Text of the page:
Australia prides itself in some of the best product-safety legislation in the world, but consumers still need to be alert, particularly when it comes to building materials and electrical components warns EJ Barnes, CEO of a Gold Coast electrical contracting firm.
It has been in the news since 2013, and although there has no doubt been progress, Barnes warns that non-compliant building materials and components still find their way onto building sites. As he points out, our legislation may be excellent, but enforcement may not be as easy as it sounds.
A lot of building materials and components are imported, he says, and Im not convinced that theyre all checked for compliance with our safety standards.
Its a valid concern and one that comes back to haunt us for years after the materials have been used. The [Infinity cables scandal](https://www.abc.net.au/news/2015-06-24/building-material/6571438) in which retailers sold non-compliant electrical cable may be a few years old, but with an estimated 40,000 Australian homes having used it, it would be impossible to know just how many have replaced it for a safer option.
The fire at the Docklands Lacrosse Tower in 2015 which consumed 13 stories of apartments in just 15 minutes triggered a spike in awareness, but more than 3 years later, Barnes isnt convinced that the problem has been eliminated despite the tragedy. Non-compliant building materials and electrical components are still common in my opinion, he says.
In many instances, non-compliant components are cheaper than ones that pass muster. Its unfair, says Barnes, since Australian companies go to a lot of expense making sure their products are in line with safety standards. Then along comes an importer with a non-compliant, cheap product, and whether because of buyer ignorance or greed, the local manufacturer has to compete with lower pricing.
In the end, says Barnes, its consumers who are at risk, and the motivation for placing them in this position isnt acceptable. You can save a few dollars by using non-compliant materials - and you could end up being responsible for deaths. Its just not worth it.
There are a few measures that electrical and construction clients can take to ensure that theyre getting safe installations, says Barnes. To begin with, it pays to be suspicious of surprisingly low quotes for work.
If youre seeing quotes way below what other professionals are charging, you may not have found a bargain, he warns. Check itemised quotes carefully. Determine where the contractor aims to save costs and consider how it might affect you. If component costs are remarkably low, you could be looking at non-compliant materials, and thats downright dangerous.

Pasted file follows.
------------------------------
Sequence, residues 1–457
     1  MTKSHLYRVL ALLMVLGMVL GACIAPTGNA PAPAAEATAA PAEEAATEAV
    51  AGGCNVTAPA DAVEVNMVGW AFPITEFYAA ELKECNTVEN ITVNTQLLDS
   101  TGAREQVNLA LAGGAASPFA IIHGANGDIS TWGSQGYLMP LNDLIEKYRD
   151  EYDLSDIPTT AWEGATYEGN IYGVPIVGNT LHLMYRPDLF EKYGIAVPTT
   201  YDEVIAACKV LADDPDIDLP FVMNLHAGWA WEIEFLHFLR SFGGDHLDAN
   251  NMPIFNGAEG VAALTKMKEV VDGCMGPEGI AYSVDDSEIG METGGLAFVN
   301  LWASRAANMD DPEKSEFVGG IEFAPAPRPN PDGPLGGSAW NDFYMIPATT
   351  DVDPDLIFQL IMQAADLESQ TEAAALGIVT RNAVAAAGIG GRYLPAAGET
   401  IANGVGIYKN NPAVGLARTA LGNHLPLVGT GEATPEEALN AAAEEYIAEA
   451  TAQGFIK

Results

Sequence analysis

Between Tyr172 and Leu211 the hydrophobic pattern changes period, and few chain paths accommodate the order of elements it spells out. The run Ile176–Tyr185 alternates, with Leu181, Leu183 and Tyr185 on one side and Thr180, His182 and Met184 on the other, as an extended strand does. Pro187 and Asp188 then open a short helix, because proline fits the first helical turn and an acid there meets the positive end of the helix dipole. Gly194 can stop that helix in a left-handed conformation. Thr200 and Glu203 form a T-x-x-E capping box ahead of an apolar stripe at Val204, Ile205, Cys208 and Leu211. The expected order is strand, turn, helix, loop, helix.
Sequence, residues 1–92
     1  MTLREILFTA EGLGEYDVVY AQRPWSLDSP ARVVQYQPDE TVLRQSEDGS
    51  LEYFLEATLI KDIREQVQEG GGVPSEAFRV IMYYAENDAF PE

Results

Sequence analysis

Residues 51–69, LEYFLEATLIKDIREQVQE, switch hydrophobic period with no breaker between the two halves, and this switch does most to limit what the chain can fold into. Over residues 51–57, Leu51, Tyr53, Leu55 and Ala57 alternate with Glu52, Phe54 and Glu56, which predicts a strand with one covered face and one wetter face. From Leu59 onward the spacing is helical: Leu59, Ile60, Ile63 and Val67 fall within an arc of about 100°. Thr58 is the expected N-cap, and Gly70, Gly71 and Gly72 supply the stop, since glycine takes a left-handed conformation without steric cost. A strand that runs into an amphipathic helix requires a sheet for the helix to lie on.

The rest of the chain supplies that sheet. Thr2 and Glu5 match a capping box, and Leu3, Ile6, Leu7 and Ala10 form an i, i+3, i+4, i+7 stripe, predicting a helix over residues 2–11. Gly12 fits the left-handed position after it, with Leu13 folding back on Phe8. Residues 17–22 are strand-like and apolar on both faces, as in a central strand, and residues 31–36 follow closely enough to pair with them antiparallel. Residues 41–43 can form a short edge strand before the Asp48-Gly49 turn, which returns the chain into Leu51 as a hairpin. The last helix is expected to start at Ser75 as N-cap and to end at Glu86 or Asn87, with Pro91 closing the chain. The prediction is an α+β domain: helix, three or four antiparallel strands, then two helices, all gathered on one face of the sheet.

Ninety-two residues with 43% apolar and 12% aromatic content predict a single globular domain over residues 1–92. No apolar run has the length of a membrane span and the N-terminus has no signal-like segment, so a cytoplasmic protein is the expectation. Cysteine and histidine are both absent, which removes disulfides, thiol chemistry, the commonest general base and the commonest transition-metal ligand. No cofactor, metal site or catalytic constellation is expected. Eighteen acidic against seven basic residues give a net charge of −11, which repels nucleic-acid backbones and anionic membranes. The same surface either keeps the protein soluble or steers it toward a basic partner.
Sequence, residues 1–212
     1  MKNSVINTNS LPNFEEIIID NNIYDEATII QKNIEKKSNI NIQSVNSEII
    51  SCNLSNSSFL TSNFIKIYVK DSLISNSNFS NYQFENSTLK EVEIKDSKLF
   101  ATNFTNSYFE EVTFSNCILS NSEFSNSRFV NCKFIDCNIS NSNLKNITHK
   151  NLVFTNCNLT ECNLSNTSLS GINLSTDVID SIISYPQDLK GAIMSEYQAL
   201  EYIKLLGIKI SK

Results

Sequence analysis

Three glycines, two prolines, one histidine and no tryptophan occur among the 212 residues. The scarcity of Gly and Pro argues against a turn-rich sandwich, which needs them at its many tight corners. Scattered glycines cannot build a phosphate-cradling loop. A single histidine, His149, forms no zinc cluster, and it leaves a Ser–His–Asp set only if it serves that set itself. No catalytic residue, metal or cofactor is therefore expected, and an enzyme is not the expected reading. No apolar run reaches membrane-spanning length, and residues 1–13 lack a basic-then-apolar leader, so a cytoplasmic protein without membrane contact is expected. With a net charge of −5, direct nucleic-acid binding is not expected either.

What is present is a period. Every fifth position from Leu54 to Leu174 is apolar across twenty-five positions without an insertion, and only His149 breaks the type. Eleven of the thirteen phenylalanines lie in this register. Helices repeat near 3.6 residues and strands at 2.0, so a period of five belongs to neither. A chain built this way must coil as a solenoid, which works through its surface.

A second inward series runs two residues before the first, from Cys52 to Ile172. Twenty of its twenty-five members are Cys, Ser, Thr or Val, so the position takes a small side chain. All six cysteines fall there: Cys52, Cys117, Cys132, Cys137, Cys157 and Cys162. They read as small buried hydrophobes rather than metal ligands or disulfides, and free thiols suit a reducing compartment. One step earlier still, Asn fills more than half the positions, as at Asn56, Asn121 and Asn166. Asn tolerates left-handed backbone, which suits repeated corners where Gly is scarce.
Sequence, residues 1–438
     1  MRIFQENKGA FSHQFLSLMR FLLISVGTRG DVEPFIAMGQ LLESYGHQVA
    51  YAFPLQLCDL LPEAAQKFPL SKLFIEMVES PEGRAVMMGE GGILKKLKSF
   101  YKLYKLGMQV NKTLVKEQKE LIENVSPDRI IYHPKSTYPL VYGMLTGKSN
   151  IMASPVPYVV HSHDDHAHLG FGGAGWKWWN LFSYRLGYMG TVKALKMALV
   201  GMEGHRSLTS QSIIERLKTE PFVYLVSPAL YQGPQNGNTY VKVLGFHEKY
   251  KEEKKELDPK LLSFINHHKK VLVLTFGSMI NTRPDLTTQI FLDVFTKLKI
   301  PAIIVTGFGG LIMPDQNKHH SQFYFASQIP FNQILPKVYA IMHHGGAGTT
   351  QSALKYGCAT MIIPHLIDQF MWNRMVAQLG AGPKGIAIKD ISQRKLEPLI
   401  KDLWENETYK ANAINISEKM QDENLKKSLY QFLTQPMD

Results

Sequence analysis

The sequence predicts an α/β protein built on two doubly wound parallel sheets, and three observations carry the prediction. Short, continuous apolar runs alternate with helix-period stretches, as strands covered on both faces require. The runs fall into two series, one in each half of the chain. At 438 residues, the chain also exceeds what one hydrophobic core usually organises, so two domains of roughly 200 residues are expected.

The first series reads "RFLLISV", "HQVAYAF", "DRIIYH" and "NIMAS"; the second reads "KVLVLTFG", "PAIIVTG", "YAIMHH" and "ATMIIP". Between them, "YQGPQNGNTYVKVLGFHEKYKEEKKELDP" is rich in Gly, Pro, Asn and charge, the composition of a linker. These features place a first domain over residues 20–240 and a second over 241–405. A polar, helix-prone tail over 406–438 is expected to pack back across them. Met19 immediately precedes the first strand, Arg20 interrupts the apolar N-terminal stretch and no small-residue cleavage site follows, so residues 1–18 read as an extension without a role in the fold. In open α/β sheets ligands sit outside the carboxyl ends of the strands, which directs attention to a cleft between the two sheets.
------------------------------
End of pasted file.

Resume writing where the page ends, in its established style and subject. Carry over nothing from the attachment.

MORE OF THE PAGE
Consumers also need to check whether theyll get certified work. Getting a [certificate of compliance](https://www.sa.gov.au/topics/energy-and-environment/electrical-gas-and-plumbing-safety-and-technical-regulation/electricity-trades/electrical-certificates-of-compliance) is a must, and if a business wont issue one, it is operating outside the law. A compliance certificate isnt bullet-proof, but Barnes says most construction contractors will do due diligence when issuing one.
Building inspectors have been criticised for declaring projects as being compliant after minimal physical inspection of works, but for Barnes, vouching for compliance means supervising in person and checking all completed work himself. That certificate means Im personally responsible for the safety of the installation, he says. Its not something I take lightly.
The issue of building safety and non-compliance in the construction industry isnt going away anytime soon, but with ethical businesses like [EJ Electrical Works](https://ejelectrical.net) and [Coastline Local Electricians](https://www.coastlinelocalelectricians.com) striving for the highest safety standards, consumers can proceed with confidence. If youd like to know more about this local Gold Coast business, you can reach Barnes via his website or by calling or give them a call on 1300-DIAL-EJ, thats 1300 342 535.
Written & Syndicated by [Baxton Media](https://baxtonmedia.me).